Emerging Small Animal Diseases – Part 3

Hello to everyone once again! I’m finishing up my paper, but there are still quite a few things left to say here on the blog to provide an accurate summary.

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Emerging Small Animal Diseases – Part 2

After studying FIV, I moved on to canine diseases. I will discuss two of them in this post.

The first is canine parvovirus. It appeared in 1978 and immediately attracted a lot of attention, because of the severity of the symptoms and high mortality in infected puppies. The researchers quickly isolated the infectious agent, named CPV-2 (there had been an outbreak of similar but milder disease several years prior, and the virus that caused it was named CPV-1, but it differs significantly from CPV-2); however, the virus quickly evolved and in a few years new strains appeared: CPV-2a, CPV-2b and later CPV-2c. These currently remain dominant, yet the virus continues to mutate and new strains keep emerging.

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Emerging Small Animal Diseases, Part 1

After many hours of studying a great number of scholarly articles and after several interviews I’m finally in the process of compiling the most important information in an essay. I will share here some of my findings:

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Emerging Diseases in Small Domestic Animals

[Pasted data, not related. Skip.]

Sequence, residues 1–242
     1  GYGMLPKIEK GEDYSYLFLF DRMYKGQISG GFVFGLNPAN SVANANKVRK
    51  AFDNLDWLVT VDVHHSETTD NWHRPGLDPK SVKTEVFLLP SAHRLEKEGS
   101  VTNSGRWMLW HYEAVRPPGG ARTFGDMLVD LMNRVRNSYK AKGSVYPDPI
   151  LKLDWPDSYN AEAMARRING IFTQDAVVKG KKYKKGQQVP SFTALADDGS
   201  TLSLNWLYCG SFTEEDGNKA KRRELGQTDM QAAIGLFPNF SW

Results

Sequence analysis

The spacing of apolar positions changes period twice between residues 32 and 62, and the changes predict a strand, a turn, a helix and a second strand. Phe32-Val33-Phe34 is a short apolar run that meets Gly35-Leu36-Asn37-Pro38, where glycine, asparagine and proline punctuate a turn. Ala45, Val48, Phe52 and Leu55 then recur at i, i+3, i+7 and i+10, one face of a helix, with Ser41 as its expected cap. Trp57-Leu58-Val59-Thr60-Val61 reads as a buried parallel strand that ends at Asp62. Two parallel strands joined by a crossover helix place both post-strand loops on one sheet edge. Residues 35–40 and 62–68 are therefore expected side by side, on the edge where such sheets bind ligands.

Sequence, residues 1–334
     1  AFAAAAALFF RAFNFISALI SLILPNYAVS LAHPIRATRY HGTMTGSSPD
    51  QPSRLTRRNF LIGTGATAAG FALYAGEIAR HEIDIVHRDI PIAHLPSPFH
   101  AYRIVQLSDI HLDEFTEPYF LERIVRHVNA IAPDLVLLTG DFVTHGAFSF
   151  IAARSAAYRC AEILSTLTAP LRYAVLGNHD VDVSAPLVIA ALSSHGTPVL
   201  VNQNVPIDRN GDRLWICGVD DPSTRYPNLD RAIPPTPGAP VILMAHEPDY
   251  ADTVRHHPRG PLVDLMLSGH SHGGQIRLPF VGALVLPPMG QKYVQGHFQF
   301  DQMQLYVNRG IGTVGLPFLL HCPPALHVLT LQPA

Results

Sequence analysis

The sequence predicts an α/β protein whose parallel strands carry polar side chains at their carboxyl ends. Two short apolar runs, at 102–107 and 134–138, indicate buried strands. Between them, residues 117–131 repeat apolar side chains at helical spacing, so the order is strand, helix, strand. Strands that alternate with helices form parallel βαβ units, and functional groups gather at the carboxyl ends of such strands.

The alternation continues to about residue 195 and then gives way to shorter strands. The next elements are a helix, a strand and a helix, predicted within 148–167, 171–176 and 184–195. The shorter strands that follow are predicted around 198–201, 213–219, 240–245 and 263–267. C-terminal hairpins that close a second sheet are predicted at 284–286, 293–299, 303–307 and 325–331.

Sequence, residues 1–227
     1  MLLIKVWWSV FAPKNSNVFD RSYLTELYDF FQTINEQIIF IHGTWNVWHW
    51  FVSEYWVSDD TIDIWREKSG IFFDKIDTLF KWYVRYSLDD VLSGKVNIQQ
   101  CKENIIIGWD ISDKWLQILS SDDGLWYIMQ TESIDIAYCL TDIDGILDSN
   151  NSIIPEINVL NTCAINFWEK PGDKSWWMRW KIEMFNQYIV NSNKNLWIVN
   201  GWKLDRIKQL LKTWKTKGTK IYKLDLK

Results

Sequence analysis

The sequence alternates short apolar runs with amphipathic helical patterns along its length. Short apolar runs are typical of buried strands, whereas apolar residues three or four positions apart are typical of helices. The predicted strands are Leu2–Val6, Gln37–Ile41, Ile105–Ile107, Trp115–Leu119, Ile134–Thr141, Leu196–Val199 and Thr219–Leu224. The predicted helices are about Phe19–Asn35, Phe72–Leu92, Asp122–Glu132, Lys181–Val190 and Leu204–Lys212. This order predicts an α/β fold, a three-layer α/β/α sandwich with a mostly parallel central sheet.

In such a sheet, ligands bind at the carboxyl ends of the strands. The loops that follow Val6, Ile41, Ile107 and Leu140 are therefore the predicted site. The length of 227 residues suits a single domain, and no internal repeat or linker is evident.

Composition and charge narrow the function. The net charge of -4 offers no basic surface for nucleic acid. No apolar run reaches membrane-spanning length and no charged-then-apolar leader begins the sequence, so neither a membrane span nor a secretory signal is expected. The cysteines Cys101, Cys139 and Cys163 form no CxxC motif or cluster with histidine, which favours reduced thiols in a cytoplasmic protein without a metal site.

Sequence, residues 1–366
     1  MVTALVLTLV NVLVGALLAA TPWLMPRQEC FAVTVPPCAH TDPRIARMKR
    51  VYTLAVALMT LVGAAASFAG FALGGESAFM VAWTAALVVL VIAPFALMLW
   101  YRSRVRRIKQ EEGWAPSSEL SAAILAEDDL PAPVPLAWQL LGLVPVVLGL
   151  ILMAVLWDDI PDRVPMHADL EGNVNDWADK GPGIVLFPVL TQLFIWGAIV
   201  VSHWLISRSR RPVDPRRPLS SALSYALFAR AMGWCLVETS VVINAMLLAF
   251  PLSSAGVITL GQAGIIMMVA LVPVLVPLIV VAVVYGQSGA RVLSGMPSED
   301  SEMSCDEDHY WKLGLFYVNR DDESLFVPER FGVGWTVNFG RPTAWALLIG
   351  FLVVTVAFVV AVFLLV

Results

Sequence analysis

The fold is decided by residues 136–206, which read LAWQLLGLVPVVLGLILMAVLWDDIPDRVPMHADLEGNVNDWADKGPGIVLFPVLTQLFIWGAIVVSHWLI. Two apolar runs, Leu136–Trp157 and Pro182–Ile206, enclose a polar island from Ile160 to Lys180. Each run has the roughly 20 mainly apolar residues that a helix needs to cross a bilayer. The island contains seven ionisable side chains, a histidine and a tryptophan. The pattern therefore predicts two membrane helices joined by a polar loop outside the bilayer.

Most people know something about emerging human diseases. While the amounts of possessed factual knowledge vary from person to person, most people recognize the names Avian flu, SARS, Lime disease and others. Emerging animal diseases, such as FIV (feline immunodeficiency Virus), are not nearly as widely known, yet it is a topic of significant importance. About 38% of households in USA own at least one dog and about 33% own at least one cat; therefore, small animal pet owners, who would be aggrieved to find their pet a victim on a new ailment, constitute a large portion of the American population. Moreover, certain animal diseases, zoonotic diseases, can eventually find hosts among humans and become a concern for human health. While most such diseases originate from the livestock, some of them can be transmitted by household  pets. For these reasons, there is a need for constant and diligent survaillance of emerging diseases among small, as well as large, animals.

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